Cultural Learning Alliance

When you live with degradation depleting your resources, the magical artistic experience becomes a source of hope; a vision beyond the despair, an indication of how bad could be transformed into better

Camila Batmangelidjh
Founder and Director, Kids Company


Do one thing… becoming a school governor

Published 13 December 2013

The ‘most important thing cultural professionals can do for cultural learning’ was how a head teacher described being a school governor at a recent ROH Bridge event.

Becoming a school governor was one of the CLA recommendations to the Henley Review of Cultural Education and it is one of the What Next? ideas for action.

At the CLA if we make a recommendation we also like to be doing it ourselves, so I have recently become a school governor.

Without doubt the experience has been the most valuable continuing professional development (CPD) I have done this year. My understanding of the processes and pressures in schools has increased exponentially.


So how do you become a governor?

The process I went through was:

  1. Apply online hereThere is a short form to fill in with your contact details, a reference, school or area choice and a 200 word statement about why you want to become a school governor.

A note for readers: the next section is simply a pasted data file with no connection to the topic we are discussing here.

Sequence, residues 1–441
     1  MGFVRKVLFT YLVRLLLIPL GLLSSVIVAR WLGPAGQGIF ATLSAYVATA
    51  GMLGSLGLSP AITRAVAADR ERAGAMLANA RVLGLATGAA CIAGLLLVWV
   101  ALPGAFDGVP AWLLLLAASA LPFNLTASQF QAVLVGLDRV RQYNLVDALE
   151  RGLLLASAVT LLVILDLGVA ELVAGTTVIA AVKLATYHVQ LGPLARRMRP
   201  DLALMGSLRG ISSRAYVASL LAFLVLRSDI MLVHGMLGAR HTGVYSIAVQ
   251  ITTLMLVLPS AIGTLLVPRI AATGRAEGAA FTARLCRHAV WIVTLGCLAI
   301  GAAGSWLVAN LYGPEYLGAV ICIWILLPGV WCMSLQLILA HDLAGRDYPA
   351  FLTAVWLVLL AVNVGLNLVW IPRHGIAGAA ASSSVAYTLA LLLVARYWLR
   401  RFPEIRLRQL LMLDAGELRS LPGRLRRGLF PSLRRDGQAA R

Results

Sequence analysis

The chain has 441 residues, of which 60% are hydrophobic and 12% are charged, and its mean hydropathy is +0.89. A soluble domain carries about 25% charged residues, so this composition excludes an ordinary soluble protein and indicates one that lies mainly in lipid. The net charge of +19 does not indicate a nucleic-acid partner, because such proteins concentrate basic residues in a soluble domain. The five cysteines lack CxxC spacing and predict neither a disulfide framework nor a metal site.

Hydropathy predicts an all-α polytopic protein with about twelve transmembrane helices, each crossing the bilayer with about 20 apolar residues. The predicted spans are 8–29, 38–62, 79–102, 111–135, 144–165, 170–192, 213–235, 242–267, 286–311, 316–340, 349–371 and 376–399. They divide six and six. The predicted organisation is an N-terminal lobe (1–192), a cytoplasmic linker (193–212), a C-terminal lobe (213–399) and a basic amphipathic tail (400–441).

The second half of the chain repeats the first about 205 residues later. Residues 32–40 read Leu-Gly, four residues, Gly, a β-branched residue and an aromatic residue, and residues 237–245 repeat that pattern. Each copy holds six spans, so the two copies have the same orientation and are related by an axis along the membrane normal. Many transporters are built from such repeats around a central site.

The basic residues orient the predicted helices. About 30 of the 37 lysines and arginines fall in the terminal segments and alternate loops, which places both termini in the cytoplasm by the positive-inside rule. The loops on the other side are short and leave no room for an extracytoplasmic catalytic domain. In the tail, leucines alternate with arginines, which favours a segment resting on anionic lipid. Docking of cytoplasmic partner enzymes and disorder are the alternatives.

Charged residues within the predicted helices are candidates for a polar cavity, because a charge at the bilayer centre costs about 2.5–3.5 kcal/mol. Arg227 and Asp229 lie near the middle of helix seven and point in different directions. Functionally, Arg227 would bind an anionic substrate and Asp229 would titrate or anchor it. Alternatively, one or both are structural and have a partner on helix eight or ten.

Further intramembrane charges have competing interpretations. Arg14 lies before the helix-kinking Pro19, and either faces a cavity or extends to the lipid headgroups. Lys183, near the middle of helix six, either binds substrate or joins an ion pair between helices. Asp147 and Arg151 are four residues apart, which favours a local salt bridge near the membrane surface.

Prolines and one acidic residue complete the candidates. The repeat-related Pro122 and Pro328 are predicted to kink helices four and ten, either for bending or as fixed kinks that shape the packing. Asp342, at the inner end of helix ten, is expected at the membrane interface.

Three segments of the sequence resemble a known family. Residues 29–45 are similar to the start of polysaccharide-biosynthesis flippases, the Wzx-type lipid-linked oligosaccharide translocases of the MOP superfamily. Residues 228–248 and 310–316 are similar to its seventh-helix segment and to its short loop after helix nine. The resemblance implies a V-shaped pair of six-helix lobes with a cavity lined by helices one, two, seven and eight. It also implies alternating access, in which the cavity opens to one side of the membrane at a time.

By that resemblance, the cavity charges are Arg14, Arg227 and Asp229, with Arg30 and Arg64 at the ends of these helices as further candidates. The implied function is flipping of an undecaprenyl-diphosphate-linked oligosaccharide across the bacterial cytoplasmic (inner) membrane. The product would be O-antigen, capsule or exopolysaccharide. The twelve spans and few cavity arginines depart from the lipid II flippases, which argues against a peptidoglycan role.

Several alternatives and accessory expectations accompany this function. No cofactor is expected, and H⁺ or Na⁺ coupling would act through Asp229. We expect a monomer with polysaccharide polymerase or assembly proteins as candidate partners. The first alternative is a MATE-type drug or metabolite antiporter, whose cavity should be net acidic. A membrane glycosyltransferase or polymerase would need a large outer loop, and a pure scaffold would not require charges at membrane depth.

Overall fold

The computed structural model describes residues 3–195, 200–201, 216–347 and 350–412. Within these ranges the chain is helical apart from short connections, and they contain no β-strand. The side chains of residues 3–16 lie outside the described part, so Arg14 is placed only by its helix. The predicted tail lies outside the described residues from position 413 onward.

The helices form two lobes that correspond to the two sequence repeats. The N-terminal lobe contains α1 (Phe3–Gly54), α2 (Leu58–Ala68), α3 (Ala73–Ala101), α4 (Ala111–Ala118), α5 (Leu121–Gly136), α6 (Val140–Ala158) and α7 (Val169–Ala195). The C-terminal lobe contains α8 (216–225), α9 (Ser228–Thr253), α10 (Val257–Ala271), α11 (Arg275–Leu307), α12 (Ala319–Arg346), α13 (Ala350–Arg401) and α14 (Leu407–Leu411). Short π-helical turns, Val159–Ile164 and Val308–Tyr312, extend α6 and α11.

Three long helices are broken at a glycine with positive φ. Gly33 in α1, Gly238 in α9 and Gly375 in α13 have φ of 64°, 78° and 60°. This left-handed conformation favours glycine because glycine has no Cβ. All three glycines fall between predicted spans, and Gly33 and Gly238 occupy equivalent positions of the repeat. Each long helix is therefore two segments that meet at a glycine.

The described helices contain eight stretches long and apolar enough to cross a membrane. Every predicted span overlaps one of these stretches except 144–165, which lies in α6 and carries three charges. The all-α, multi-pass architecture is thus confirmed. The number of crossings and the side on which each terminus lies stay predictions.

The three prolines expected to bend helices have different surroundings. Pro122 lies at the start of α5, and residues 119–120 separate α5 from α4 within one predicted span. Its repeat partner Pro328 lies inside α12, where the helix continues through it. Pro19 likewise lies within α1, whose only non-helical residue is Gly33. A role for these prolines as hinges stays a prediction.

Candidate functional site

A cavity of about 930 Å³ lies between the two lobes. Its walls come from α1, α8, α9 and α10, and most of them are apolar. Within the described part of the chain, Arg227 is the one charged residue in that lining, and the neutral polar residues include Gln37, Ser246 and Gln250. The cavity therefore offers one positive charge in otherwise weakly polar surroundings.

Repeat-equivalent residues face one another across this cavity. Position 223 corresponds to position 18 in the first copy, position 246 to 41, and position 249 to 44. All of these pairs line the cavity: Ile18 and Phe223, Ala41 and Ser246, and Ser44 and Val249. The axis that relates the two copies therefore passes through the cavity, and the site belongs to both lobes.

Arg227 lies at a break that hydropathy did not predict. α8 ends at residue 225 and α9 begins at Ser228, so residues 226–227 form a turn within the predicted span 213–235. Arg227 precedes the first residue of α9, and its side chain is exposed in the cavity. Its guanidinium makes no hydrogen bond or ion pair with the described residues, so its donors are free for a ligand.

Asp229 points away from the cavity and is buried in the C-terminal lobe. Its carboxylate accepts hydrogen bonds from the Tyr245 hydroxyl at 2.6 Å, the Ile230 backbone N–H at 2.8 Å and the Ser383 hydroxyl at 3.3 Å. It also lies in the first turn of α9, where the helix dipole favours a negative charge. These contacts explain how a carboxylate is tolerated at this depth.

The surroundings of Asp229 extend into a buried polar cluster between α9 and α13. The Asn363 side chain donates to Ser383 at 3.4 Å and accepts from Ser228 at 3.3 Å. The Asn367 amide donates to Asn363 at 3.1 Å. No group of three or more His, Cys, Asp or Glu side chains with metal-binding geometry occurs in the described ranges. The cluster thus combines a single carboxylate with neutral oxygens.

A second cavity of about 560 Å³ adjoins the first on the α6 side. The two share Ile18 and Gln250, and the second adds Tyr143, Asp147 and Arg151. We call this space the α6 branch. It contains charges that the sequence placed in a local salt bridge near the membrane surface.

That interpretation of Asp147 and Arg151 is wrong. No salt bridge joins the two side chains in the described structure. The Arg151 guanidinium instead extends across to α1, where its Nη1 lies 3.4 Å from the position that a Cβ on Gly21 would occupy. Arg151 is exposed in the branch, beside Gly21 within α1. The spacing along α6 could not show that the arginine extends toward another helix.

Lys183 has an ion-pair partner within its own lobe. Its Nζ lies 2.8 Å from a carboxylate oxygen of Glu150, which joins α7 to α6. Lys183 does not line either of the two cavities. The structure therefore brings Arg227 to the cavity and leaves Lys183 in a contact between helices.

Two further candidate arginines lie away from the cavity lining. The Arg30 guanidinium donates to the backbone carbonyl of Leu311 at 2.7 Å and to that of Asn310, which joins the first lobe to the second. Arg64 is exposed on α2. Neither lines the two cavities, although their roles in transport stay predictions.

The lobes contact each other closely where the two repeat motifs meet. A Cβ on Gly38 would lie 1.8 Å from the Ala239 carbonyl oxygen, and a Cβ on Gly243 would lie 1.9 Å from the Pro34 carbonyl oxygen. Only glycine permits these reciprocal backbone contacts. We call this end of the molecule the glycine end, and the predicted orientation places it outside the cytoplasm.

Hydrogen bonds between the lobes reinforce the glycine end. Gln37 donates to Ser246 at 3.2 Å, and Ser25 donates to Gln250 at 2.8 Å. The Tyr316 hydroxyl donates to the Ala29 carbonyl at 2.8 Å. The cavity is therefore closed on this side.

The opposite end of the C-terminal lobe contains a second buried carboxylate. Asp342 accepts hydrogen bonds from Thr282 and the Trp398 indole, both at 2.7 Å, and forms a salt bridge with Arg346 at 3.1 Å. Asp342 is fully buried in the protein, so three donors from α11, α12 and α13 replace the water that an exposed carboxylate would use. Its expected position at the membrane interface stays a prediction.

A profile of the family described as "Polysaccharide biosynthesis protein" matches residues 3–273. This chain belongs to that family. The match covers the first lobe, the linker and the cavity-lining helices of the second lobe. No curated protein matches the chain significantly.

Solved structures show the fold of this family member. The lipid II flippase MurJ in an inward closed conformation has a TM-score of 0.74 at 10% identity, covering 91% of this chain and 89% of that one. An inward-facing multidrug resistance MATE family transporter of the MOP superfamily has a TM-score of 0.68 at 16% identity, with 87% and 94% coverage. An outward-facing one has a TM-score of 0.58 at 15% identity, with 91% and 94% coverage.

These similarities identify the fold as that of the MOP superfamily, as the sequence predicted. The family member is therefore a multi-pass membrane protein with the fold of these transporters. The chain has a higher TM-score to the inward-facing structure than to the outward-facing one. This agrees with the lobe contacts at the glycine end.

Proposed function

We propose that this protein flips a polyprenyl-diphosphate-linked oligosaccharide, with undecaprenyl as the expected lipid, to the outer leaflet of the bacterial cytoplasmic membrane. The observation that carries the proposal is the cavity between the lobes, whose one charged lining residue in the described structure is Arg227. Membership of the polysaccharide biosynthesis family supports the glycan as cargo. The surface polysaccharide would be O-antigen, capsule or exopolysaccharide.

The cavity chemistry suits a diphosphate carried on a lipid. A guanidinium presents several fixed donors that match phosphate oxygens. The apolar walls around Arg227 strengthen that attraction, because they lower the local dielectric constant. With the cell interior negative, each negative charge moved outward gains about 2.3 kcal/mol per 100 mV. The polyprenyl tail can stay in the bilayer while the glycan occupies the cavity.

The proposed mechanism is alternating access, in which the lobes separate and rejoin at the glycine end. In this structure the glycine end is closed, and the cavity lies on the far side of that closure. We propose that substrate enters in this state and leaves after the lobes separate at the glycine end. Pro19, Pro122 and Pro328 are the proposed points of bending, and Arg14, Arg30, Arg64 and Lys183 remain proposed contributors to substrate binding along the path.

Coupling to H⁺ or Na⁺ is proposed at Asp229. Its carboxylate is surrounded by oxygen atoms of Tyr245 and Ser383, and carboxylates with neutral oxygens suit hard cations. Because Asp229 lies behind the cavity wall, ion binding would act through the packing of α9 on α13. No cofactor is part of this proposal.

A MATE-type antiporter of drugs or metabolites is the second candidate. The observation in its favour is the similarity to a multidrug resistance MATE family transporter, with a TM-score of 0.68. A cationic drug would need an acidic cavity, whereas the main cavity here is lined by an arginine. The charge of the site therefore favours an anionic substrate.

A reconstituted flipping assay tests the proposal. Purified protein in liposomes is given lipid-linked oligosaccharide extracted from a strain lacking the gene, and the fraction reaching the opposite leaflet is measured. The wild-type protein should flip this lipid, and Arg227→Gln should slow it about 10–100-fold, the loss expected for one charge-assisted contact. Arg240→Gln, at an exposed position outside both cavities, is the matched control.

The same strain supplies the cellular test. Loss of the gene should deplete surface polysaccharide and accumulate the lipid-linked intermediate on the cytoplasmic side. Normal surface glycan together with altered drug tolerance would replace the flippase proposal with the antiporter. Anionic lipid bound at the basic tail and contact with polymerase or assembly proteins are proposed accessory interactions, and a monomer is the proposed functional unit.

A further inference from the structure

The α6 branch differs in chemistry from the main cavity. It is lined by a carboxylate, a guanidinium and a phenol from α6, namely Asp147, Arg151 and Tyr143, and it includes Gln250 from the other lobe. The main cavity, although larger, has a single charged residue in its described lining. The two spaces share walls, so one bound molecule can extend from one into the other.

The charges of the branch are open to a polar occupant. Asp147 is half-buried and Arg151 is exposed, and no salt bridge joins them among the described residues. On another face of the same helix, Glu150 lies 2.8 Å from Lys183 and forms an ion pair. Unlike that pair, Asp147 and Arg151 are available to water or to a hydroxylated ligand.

2. I applied using the online form and was contacted within a week offering me a position at Stanmore Primary School in Winchester where I live.
  3. The chair of the governors and the head teacher invited me in for a chat. After the chat they invited me to be a governor. I accepted. I had to do an ID check and sign a form.

Parents can also become parent governors at their school – just ask at reception if they need parent governors and follow the school’s process.


Colleagues I speak to are often concerned about the time commitment of being a governor. I estimate I am spending an average of one hour a week on governor related activity. Although of course some weeks I do nothing and others I prepare and attend a meeting which takes three hours.


Perhaps cultural organisations could allow learning staff to become governors as part of their training plans, given the CPD benefits and the benefits to the organisation of a closer relationship with a school? What do you think?


Sam Cairns, Cultural Learning Alliance



Seems like a very good suggestion!
Lindsay Ibbotson 18 December 2013
This is a great idea... I have completed my application! As you say I can't sit on the panel and not practice what we preach!
Holly Barradell 19 December 2013
I have become a governor and you can make a difference!
Susan COLES 03 January 2014
When I freelanced I was a governor at my children's school for four years. It was a great way to stay connected with the preoccupations of schools, practice the language of the sector and influence decision making. I still draw on the learning from that experience.
Sally Manser 08 January 2014

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RSC’s Annual Regional Schools Celebration, 2008. © RSC. Photo: Ellie Kurttz
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